'The Objectifying Gaze': The Role of Adaptation in Perceptions of Gender on Television
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For too long, adaptation studies has been limited to film and focused on adaptation as a product (i.e. the transformation of a novel into a film), but expanding the field to television and emphasizing the process of adaptation (i.e. how texts share meaning) invites critics to contemplate between television and society by considering the concepts of adaptation (e.g. doubling, architextuality, citation, and de(re)composing) that perpetuate stereotypes and myths about women across texts and spaces. My dissertation therefore expands the scope of research on gender representation in television by using adaptation theory to reveal the intertextual composition of portrayals of women. Many critics have examined intertextuality in film, and some in television, but none have evaluated the role that concepts of adaptation play in constructing representations of women in television, especially in the fields of justice, science, and technology. The main research question is: What is the impact of television on society? I argue that the relationship between television and society is influenced by intertextuality and apply Fredrickson and Roberts’ theory of objectification, in line with Mulvey’s famous concept of the male gaze, to demonstrate how concepts of adaptation enforce the objectifying gaze on women in television and reinforce mostly stereotypical gender roles. This dissertation is composed of an introduction, four chapters, and a conclusion. Using a case-study methodology, I analyze eight American drama television series that exercise adaptation and the gaze, with many passing references made to art, film, and literature that open the landscape of television to its intertextual roots: uncanny doubles in House of Cards and Orange Is the New Black, architexts between drama and detection in CSI: Cyber and Person of Interest, citations of trauma in Criminal Minds and Law and Order: Special Victims Unit, and de(re)compositions of media and society in Wisdom of the Crowd and The X-Files. Four key findings stand out from these case studies: (1) uncanny doubles manifest a spatiality of death around female and/or LGBT characters, (2) architexts between drama and detection form through play to debunk gender role stereotypes, (3) citations of torture make and maintain a visual style of terror on screen, and (4) de(re)compositions of media and society insulate the voyeuristic POV. These findings show that violence against women continues to be eroticized on prime-time, but that adaptation plays a role in making a spectacle of rape and other harms. Several original concepts emerge during the research process to describe the role that adaptation plays in shaping perceptions of gender, sexuality, and violence on television, including but not limited to: embodied detection, figural déjà vu, forensic adaptation, and ludic forensics. All told, this dissertation forges a new way of discussing gender representation by applying adaptation theory to television studies.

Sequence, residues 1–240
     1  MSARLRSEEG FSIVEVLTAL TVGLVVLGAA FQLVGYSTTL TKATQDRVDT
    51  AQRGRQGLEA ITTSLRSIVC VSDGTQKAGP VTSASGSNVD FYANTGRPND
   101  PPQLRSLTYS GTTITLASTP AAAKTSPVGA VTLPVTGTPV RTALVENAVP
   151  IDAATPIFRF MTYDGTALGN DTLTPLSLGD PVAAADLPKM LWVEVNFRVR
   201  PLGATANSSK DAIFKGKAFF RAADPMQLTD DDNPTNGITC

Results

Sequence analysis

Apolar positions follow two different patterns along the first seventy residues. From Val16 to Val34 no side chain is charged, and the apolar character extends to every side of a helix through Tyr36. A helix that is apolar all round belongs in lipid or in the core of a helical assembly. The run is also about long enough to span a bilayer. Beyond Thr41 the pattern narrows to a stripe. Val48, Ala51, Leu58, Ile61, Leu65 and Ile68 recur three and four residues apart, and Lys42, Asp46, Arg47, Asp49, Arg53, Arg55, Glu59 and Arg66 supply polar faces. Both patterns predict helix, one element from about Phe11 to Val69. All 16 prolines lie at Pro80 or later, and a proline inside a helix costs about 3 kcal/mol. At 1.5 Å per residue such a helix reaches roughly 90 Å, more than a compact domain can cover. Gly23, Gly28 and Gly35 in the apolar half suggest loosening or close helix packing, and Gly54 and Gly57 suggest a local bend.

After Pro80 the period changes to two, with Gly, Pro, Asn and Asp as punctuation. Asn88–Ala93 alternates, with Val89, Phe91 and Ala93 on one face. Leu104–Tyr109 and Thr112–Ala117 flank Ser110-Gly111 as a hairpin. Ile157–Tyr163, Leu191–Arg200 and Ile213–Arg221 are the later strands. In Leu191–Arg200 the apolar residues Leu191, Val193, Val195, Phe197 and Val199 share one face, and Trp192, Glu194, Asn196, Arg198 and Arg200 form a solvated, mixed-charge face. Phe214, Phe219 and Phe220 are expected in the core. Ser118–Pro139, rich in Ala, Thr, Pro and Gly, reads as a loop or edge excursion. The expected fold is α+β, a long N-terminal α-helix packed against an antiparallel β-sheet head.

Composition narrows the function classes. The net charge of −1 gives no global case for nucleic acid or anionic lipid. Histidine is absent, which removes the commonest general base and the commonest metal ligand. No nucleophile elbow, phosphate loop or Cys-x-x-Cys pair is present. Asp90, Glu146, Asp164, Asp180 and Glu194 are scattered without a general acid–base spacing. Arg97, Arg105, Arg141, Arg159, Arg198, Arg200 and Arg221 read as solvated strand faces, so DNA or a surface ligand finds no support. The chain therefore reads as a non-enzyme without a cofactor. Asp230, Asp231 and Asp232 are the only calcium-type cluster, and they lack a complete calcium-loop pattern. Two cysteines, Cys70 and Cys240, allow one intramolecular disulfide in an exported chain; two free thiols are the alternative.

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Jessica-Leigh Van De Kemp (2021). 'The Objectifying Gaze': The Role of Adaptation in Perceptions of Gender on Television. UWSpace. http://hdl.handle.net/10012/17135